Spiracles connect the air outside the insect to the inside of the insect where it is needed by the cells. The spiracles connect to the tracheae (plural of trachea), big, open tubes that travel from the spiracles some way into the body. The tracheae then branch again and again into ever smaller tubes. At some point, the diameter of the tubes gets so small the tubes become tracheoles. Air passes to the end of the tracheoles and is delivered to a single cell or a small group of cells, where it is taken in and used for necessary cellular functions. So, unlike the human system where air is collected in the lungs and is then transported to cells via the blood, the insect respiratory system delivers air directly to the cells!
You may be wondering how air gets into that system of tunnels in insects. Well, many insects don’t “breathe” the way that humans do. Humans have a muscle called the diaphragm that causes us to take breaths as it contracts and relaxes. While some insects do use their muscles and simple air sacs to actively pull oxygen into their respiratory systems, many do not. These insect depend entirely on a property of physics called a concentration gradient. A gradient forms when oxygen (or another gas or a liquid or a chemical or molecules) is in a lower concentration in one location compared to another, i.e. there are fewer molecules of oxygen in one place than another. When concentration gradients form, molecules tend to move from areas of high concentration to low concentration to restore an equilibrium between the two areas. This happens in the insect respiratory system. The insect cells use the oxygen that has traveled down the tracheal system, so there is less oxygen at the end of the tubes than there is outside the insect. So, molecules of oxygen pass into the tracheal system to replace the oxygen that was used and end up at the tips of the tracheoles. These molecules are also used by the insect’s cells, so more oxygen enters the tracheal system to compensate. Thus, oxygen continues to flow into the respiratory system and the insect is continuously supplied with the oxygen it needs to survive. This same system also takes the carbon dioxide the cells produce back out via the same process in reverse.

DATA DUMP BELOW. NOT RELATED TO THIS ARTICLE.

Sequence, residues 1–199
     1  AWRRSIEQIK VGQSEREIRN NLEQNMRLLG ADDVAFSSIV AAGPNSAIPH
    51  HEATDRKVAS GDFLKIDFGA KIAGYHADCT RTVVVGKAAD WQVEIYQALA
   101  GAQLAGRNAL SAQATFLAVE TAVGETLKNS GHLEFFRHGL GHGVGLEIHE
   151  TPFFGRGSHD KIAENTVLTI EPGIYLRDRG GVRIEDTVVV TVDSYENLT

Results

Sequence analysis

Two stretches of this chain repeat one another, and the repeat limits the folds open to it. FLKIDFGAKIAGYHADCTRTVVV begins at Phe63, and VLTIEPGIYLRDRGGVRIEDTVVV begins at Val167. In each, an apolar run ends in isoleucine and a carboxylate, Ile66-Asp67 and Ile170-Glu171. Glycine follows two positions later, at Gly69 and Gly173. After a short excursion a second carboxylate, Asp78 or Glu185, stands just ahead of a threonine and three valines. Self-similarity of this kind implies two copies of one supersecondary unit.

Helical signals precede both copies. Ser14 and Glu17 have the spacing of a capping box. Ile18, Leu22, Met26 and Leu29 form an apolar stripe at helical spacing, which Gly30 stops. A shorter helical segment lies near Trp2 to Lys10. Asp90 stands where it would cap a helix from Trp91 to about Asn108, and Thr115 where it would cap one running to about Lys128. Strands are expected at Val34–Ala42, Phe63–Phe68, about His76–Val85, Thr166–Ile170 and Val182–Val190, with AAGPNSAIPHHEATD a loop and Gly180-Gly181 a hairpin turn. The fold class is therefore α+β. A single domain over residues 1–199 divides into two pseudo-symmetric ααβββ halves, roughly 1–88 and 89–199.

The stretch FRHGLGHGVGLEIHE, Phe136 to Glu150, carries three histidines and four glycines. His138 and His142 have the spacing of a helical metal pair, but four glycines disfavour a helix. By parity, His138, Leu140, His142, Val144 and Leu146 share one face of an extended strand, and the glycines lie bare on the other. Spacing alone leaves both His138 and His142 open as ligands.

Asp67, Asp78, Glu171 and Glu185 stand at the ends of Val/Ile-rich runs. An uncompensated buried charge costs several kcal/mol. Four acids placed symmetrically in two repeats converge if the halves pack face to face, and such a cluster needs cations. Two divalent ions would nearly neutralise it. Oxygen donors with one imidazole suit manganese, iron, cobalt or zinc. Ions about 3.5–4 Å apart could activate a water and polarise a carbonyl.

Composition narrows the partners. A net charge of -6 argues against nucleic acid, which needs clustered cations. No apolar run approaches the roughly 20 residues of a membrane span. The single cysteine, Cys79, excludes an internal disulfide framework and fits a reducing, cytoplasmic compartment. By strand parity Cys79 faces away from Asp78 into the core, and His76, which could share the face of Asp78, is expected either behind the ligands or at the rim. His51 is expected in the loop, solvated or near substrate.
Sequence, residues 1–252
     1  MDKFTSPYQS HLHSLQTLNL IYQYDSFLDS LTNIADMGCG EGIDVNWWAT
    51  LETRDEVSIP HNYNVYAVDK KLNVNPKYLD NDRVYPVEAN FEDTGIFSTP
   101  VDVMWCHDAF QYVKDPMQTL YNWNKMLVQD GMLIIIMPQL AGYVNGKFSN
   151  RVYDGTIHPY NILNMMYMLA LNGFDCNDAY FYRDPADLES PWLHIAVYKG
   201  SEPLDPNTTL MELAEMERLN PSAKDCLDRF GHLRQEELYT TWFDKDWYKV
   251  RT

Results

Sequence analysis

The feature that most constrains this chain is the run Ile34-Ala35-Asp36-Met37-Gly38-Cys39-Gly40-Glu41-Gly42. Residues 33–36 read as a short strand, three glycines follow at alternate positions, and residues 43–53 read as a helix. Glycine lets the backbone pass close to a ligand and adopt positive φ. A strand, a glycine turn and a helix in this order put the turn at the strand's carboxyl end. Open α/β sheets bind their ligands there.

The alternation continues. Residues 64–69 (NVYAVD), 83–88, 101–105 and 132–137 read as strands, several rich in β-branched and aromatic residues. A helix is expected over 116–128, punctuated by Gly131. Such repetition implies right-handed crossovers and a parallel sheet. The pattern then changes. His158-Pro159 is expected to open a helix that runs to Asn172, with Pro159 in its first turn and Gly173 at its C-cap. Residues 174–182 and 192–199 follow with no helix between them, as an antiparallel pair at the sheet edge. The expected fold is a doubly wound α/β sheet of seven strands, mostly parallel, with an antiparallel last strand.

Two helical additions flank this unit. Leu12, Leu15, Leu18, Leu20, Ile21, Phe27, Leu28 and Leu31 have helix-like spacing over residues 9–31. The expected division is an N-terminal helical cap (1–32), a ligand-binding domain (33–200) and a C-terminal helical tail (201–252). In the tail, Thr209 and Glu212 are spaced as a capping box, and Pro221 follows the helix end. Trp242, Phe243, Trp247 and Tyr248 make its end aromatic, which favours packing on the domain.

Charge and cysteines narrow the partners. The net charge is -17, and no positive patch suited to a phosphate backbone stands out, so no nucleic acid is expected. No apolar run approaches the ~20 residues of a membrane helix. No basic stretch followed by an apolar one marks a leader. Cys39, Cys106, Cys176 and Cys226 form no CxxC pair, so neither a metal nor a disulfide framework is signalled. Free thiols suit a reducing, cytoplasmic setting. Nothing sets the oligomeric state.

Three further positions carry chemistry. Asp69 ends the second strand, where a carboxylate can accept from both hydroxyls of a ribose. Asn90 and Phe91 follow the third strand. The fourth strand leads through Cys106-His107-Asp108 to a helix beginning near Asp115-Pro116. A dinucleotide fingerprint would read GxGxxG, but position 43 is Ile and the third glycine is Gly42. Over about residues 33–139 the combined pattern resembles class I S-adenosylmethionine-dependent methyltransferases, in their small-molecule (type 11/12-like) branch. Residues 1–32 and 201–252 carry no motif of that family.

What I’ve described here is a sort of basic, generalized model of insect respiration, and a terrestrial one at that. There are many, many variations on this theme. Some insects use what is called ventilation and actively pull oxygen into their respiratory system, such as those insects I mentioned above that use muscles and air sacs. Other insects use a system called discontinuous gas exchange where they hold their spiracles shut most of the time and then open them quickly every now and again, likely to conserve water. These insects sort of hold their breath and then take in big gasps of air only when they really need to. Aquatic insects exhibit many variations on the basic insect respiration plan that allow them to breathe more efficiently in water. These adaptations will be the focus of my next post, so I hope you’ll stay tuned!